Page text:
During the Cataclysm storyline, it is revealed that Batman has hidden a number of spare vehicles across the city just in case. A HUMVEE serves as a primary mean of transportation to across the earthquake-ravaged city during the Aftershock storyline, as most of the Batmobiles are wrecked by the quake. These vehicles are not as sophisticated as the Batmobiles, but some of them are armored to withstand weaponry mounted on military automobiles.
In the Batman: Hush storyline, a splash page by Jim Lee shows all the previous Batmobiles (from comics, movies, and all TV series) in storage in the Batcave. In addition, some incarnations of the character, such as Batman: The Animated Series, establish that Batman has a large ground vehicle fleet of various makes and models as well as utility vehicles to use when the Batmobile would be too conspicuous.
In Frank Miller's All Star Batman and Robin the Boy Wonder, the car can morph into a harrier jet and a submarine. Dick Grayson comments that the name Batmobile is "totally queer". However, in Batman: The Dark Knight Returns, which exists in the same continuity, Grayson was stated as the one who invented the name.
The metafictional Batmobile Owner's Manual, released in 2008, gives theoretical specifications of the car as if it were real. The book states that the Batmobile's five cylinder engine is more powerful than turbine jet engines, and capable of achieving up to 1700 horsepower.
In the new series Batman and Robin, a new Batmobile is unveiled. This model is capable of flight, although is not as maneuverable as the Batwing. It can fire 19 types of projectiles, one of which is a flame retardant non-toxic foam, and features a concussive sonic blast device.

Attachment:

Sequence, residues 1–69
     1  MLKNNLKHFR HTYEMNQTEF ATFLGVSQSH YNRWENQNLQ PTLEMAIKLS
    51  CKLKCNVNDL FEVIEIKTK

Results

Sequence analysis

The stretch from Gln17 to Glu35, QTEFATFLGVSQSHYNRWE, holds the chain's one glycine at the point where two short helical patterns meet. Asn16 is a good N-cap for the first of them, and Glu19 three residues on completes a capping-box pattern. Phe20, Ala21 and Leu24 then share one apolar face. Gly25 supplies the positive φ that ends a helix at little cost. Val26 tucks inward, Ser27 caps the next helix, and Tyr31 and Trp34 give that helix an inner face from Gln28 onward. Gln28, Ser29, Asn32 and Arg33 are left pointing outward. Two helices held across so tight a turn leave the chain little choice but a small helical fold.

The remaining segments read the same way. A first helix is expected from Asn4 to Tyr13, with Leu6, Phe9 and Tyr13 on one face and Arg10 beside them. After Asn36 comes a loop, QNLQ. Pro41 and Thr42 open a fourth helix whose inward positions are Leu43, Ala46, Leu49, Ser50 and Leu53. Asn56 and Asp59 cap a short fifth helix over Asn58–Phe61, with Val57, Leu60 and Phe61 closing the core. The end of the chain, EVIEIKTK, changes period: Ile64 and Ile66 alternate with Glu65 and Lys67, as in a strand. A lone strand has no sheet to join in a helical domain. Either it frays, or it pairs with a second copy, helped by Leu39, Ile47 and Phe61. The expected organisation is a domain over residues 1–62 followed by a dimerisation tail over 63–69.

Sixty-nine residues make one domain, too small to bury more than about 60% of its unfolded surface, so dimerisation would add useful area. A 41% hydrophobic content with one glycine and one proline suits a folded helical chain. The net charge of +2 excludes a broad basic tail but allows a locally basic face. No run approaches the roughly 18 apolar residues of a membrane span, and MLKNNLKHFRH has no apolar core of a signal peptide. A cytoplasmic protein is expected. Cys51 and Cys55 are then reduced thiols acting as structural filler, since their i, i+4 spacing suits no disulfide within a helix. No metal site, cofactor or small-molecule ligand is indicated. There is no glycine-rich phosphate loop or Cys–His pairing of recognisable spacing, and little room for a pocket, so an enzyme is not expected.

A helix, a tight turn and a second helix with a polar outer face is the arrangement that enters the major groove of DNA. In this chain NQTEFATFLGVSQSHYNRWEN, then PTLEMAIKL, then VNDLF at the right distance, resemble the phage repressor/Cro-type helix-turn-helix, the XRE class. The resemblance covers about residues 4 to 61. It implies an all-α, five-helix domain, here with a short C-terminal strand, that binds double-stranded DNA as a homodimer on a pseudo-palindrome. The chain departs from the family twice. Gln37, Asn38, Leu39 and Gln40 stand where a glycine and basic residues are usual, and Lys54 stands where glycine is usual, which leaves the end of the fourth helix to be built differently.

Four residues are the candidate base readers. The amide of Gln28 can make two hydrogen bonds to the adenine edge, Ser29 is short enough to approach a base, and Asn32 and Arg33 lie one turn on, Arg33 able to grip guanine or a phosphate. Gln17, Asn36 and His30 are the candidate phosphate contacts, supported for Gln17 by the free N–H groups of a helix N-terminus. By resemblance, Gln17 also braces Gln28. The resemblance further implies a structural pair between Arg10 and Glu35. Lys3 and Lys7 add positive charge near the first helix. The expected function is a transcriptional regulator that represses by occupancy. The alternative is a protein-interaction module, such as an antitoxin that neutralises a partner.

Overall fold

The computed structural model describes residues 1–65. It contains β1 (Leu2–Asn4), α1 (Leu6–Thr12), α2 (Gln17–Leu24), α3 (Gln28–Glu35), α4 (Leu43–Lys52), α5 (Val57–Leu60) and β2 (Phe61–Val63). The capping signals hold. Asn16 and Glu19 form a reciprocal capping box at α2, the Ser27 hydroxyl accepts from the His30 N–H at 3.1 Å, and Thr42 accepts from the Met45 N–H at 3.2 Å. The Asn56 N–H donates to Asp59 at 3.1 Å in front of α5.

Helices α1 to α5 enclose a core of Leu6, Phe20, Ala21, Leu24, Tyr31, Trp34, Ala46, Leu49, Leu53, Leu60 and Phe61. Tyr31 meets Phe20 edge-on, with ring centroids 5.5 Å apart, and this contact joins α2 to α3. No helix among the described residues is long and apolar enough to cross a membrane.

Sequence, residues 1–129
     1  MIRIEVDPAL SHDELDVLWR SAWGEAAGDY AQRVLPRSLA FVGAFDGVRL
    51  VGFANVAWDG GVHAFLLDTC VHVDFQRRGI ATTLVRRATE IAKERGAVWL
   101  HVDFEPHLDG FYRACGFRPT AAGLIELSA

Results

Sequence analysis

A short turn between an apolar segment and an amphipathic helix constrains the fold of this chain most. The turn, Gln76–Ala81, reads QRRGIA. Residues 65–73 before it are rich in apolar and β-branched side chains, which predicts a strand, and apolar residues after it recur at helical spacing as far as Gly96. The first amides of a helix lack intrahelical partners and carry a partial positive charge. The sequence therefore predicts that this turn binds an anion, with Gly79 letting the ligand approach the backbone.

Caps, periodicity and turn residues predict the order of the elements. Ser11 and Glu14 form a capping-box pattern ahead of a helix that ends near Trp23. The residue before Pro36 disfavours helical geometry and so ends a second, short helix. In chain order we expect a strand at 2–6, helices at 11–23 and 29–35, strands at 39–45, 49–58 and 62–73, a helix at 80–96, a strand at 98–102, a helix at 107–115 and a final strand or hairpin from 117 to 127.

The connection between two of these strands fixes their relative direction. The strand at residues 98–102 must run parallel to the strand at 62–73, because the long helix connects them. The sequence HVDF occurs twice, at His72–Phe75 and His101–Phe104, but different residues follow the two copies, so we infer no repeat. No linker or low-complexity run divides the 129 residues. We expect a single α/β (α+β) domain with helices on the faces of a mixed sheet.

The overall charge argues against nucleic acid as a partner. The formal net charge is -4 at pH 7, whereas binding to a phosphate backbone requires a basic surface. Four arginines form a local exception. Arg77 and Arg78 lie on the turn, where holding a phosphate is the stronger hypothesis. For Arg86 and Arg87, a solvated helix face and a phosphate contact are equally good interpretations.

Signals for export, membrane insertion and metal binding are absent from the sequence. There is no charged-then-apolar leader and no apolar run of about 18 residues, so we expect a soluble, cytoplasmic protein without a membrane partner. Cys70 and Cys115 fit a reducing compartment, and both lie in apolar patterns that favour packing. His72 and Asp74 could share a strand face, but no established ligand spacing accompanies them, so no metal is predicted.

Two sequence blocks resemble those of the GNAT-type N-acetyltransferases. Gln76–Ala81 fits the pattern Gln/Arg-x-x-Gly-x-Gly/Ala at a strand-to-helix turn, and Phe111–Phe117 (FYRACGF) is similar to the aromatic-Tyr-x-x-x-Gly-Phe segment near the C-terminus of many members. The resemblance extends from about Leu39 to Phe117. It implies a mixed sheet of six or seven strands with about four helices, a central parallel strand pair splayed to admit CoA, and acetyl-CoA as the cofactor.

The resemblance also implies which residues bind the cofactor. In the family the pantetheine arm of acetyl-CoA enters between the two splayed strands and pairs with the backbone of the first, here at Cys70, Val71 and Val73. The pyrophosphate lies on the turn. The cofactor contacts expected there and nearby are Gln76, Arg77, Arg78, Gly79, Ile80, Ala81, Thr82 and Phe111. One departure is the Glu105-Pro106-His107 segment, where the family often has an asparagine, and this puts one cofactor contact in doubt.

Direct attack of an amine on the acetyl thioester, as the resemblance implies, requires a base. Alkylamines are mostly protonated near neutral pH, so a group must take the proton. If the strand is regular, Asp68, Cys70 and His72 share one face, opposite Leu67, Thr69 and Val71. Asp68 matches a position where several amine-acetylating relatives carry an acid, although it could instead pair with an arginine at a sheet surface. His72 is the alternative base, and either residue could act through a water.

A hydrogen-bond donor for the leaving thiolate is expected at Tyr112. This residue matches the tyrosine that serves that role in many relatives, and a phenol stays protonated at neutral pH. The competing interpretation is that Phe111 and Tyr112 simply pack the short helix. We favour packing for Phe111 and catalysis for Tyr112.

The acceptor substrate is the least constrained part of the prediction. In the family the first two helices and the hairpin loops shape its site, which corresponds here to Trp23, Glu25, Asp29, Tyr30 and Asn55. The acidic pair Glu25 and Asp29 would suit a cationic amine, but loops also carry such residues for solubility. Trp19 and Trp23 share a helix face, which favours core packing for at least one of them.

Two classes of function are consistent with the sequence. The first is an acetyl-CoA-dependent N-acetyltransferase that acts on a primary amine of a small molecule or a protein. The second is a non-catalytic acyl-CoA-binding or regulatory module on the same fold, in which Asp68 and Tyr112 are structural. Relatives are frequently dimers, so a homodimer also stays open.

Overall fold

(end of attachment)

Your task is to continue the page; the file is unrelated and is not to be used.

In the 1943 serial film Batman, a black Cadillac was used by Bruce Wayne and Dick Grayson, as well as their secret identities Batman and Robin. Alfred chauffeured the Dynamic Duo in both identities. Eventually a limousine replaced the Cadillac.
The TV Batmobile was based on the Lincoln Futura Show Car, originally created by William M. Schmidt and his design team at the Lincoln Styling Department; its rakish lines are said to have been inspired by the mako shark and the manta ray. In 1954 the Futura prototype was built entirely by hand by the Ghia Body Works in Turin, Italy at a reported cost of US$250,000; it was unveiled in its original pearlescent Frost-Blue white paint finish on 8 January 1955 at the Chicago Auto Show. In 1959, sporting a fresh red paint job, the Futura was featured in the film It Started with a Kiss, starring Debbie Reynolds and Glenn Ford.
In late 1965 20th Century Fox Television and William Dozier's Greenway Productions contracted renowned Hollywood car customizer Dean Jeffries to design and build a "Batmobile" for their upcoming Batman TV series. He started customizing a 1959 Cadillac, but when the studio wanted the program on the air in January 1966, and therefore filming sooner than he could provide the car, Jeffries was paid off, and the project went to Barris. Barris had somehow already come into possession of the Futura, which had been parked behind his Hollywood shop for several years. With only three weeks to finish the Batmobile (although in recent years Jeffries says that his car was dropped because he was told it was needed in "a week and a half", he was quoted in 1988 as saying "three weeks" as well), Barris decided that, rather than building a car from scratch, it would be relatively easy to transform the distinctive Futura into the famous crime-fighting vehicle. Design work was conducted by Herb Grasse, working as an associate designer for Barris.
Barris hired Bill Cushenberry to do the metal modifications to the car and its conversion into the Batmobile was completed in just three weeks, at a reported cost of US$30,000. Barris retained ownership of the car and leased it back to 20th Century Fox and Greenway Productions for use in the series. The estimated 1966 value of the Barris Batmobile was about $125,000, but today it is estimated to be worth at least US$2 million.